Speech by Nelson Mandela at 5th Annual Nelson Mandela Lecture, 22July 2007 July 22, 2007
Nelson Mandela introduces Mr. Kofi Annan in the 5th Annual Nelson Mandela Lecture. Brimming with pride, Nelson Mandela recounts Mr. Kofi Annan's contributions and roles, both to the United Nations and to the world.
Ladies and Gentlemen
We gather for the fifth annual lecture conducted in our name. Thank you all for attending. We do not think that our name adds anything to the occasion and would not be surprised if most of you attend only to see a 89-year old in person
What we are assured of is that the persons who so graciously agreed to deliver past lectures have added lustre and value to the lecture series. And today is no exception as we welcome to this podium a distinguished international figure and a great son of our continent, Kofi Annan.
Our country, since democracy, has been a steadfast defender of multilateralism in international affairs and has particularly been insistent on the primary role of the United Nations.
Secretary-General Kofi Annan will be remembered as one of the most courageous defenders of multilateralism. He often had to take a stance in the face of some of the most powerful forces in the world defying the basic tenets of our world body, the United Nations.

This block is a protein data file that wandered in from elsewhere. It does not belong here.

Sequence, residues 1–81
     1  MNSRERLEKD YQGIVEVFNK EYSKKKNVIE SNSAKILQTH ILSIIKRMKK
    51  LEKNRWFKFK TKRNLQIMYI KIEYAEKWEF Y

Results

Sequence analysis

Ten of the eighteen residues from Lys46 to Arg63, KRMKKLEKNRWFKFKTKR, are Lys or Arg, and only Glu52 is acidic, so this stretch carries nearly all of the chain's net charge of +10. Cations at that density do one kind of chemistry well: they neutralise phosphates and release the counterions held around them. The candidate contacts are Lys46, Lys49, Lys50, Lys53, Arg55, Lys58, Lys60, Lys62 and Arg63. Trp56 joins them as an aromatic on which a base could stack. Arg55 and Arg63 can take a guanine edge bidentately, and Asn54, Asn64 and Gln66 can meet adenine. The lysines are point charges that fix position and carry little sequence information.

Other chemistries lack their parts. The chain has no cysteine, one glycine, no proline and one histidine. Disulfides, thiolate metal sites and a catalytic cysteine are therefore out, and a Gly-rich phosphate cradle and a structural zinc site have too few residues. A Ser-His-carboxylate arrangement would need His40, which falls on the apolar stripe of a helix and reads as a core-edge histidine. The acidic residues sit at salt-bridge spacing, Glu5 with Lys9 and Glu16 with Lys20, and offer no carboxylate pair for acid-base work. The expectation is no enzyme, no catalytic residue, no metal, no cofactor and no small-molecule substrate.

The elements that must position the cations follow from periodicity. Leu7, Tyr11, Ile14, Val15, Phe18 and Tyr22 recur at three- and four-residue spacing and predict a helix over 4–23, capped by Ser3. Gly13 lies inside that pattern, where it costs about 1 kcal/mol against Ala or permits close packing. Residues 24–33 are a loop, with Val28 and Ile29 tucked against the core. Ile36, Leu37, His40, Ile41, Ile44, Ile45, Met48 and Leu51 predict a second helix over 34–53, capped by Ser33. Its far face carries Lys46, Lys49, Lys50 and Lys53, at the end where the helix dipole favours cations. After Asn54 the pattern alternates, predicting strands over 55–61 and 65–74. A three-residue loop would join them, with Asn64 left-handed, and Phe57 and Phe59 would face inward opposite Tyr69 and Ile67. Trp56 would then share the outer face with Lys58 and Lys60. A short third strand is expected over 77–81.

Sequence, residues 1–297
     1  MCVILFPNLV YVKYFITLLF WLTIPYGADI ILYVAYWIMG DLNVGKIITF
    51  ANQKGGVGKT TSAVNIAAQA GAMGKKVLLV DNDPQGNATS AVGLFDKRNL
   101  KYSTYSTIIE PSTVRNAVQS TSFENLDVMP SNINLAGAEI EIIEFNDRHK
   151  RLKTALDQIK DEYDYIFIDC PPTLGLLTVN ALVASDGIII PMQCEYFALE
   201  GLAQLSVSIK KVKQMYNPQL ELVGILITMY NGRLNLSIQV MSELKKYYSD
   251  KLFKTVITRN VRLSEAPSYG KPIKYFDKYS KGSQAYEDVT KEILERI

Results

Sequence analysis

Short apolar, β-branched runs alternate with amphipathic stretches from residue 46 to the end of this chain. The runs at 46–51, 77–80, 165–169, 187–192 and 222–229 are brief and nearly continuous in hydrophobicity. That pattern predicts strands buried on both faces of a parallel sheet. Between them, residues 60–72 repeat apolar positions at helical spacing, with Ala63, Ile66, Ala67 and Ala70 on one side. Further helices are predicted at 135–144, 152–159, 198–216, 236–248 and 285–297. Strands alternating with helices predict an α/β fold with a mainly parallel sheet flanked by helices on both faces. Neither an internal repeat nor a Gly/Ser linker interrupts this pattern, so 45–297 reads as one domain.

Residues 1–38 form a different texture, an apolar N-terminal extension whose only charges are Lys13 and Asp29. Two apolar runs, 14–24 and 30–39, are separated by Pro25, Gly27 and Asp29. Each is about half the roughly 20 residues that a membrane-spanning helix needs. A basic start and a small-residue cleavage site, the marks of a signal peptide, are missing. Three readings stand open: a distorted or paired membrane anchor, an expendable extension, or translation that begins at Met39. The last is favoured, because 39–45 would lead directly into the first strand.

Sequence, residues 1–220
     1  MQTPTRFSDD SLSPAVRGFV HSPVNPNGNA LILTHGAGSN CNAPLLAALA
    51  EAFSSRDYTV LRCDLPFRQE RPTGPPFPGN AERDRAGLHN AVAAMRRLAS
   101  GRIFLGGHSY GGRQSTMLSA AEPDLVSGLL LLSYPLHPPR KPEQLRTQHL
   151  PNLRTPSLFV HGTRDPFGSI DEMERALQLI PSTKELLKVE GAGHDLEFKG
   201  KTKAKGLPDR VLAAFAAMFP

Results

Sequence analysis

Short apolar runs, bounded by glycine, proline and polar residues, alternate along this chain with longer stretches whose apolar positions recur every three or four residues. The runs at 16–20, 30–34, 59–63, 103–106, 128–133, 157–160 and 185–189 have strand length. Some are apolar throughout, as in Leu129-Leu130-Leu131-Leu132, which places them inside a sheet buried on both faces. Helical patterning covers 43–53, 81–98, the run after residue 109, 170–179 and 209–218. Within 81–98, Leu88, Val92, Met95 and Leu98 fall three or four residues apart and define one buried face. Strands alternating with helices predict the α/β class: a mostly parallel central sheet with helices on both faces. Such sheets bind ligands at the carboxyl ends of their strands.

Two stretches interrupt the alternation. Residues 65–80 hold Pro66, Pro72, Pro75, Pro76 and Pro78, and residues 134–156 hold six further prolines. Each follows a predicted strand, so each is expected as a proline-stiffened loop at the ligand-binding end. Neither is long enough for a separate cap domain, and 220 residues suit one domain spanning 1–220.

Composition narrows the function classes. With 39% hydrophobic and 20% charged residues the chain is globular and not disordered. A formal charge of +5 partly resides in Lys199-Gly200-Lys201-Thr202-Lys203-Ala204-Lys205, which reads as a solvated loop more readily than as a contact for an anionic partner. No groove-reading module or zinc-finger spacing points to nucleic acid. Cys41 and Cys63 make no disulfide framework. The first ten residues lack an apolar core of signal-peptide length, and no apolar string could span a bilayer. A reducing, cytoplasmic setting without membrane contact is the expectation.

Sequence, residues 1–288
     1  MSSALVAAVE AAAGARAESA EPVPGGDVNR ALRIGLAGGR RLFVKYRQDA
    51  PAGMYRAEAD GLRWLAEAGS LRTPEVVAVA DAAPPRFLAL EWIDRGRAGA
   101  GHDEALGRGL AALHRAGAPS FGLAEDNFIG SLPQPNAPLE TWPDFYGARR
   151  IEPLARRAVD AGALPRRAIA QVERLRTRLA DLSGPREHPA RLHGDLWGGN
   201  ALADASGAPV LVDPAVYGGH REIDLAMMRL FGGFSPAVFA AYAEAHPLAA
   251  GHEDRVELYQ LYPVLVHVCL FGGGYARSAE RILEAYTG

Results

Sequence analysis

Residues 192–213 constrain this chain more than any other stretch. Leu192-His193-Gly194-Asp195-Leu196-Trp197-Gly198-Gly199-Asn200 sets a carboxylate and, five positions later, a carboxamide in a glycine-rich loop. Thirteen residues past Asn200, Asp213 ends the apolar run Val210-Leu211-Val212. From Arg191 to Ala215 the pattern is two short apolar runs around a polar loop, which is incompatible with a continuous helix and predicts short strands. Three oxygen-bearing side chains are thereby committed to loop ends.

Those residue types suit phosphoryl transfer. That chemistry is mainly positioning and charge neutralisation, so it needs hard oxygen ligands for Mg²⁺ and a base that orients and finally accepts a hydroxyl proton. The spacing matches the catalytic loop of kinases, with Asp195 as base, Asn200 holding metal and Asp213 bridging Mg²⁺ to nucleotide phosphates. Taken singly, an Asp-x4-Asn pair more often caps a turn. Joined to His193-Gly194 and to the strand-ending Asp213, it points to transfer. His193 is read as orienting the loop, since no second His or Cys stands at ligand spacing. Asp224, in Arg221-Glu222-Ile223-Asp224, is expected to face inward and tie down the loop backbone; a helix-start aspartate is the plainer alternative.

While our continent Africa has been making great strides towards peace, stability, democracy and respect for human rights, much still remains to be done.
This we must acknowledge as we look at the remaining conflicts on our continent.
As we gradually move towards the attainment of peace on our continent, we witness with sadness greater international tensions developing or being left unresolved elsewhere. Some of those are potential threats to world peace and we are mindful, in our old age, of how we use those terms.
We are too old to pretend being able to contribute to the resolution of those conflicts and tensions on the international front. It is, therefore, immensely gratifying to note a younger generation of African statespersons emerging. They will be able to speak with authority about a new world order in which people everywhere will live in equality, harmony and peace.
Our own President is one who comes to mind in this regard.
And we could not have wished for a more distinguished representative of that generation of African internationalists than our speaker this afternoon: two-term Secretary-General of the United Nations, and Nobel Peace Laureate, Mr Kofi Annan.
Kofi, thank you for being here today.
Nelson Mandela: Message from Mr N R Mandela for the Global Convention on Peace and Nonviolence in New DelhiJanuary 31, 2004 (about 12 years ago)
In this message, Nelson Mandela talks about a world in conflict. He congratulates the Global Convention on Peace and Nonviolence as a timely initiative in helping make this the century of compassion, peace, and non-violence.1 people like this